ROCKLAND, Maine — A hole 50 feet deep and 25 feet wide opened in Old County Road on Monday, forcing officials to close the road.
Department of Public Works Director Greg Blackwell said Tuesday that around 4:30 p.m. Monday a motorist called police saying his car had been damaged when it struck a pothole. Fire Department crews reached the scene about 5 p.m. and found a hole in the road in the vicinity of the Rockland Golf Course.
“There was an opening in the road — you could hear stuff, like water,” Blackwell said. “Around 6 [p.m.], the whole pavement let loose.”
The road, which was built over a tunnel between two old limestone quarries, collapsed when the supporting structure over the tunnel let go, he said.
Blackwell estimated that the resulting hole was 50 feet deep and 25 feet across.
No one was injured, and Fire Department crews blocked off the road.
Blackwell said traffic would have to detour to Route 1 for as long as the section of road is closed.
Emergency crews will have to go through Rockport and back into Rockland to get to some people on Old County Road, according to Rockland City Manager Rosemary Kulow.
There is no timetable for repairs, Blackwell said Tuesday evening.
Officials were unsure Tuesday who would be paying for the repairs. Ray Sisk, director of the Knox County Emergency Management Agency, said he planned to meet with Maine Emergency Management Agency officials on Wednesday and would work to get state and federal funds.
What caused the sinkhole to collapse was uncertain, Sisk said Tuesday, but if it can be determined that it resulted from one of the two recent rainstorms, then aid may be available from the Federal Emergency Management Agency.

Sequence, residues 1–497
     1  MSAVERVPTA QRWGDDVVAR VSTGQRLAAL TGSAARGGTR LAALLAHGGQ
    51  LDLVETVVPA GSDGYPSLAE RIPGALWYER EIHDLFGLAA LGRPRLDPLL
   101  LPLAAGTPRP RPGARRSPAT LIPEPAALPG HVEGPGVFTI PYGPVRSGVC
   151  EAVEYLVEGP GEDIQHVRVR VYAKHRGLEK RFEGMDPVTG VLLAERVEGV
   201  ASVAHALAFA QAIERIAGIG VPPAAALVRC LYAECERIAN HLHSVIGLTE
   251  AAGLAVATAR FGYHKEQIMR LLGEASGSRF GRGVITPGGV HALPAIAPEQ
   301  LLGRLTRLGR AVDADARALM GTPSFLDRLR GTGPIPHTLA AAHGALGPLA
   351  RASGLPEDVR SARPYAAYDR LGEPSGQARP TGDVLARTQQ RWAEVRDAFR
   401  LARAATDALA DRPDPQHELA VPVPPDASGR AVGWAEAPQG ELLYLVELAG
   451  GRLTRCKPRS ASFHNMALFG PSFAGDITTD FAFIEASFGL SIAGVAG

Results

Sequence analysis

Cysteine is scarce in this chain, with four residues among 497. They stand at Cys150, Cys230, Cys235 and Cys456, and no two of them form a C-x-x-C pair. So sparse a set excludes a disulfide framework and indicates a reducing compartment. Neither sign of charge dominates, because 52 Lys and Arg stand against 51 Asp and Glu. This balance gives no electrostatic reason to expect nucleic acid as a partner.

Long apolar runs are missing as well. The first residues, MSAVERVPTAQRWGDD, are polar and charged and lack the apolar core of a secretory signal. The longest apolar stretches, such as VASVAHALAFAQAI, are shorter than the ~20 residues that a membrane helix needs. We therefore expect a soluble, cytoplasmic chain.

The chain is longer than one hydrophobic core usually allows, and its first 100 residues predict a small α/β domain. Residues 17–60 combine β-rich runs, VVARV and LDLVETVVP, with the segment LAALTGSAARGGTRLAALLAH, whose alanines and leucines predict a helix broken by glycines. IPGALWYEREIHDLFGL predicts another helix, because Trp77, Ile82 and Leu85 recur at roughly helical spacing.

“Anything we can do to take the burden off the local taxpayers is what we’re doing,” Sisk said.
“Typically we get a thaw, everything turns to mud, we get rain and it takes out roads. Every year we’ve had at least one of those events in the springtime, but this is unusual,” Sisk said of the hole.
Joe Kelley, chairman of the Earth Science Department at the University of Maine in Orono, said the collapse of the road is unusual for Maine. He said a likely cause was water eroding limestone over time.
“Limestone dissolves. It wasn’t one day’s rain that did it. It’s the straw that broke the camel’s back, probably,” Kelley said.
“Maybe it was accentuated by how the water moved off the road, but it isn’t cause for great alarm. All of Rockland won’t be swallowed up,” he said.
Norma Sawyer, who lives three houses down from the sinkhole, said it hasn’t bothered her too much.
“I drew some water because I was afraid my water would run out. Then I slept peacefully,” she said.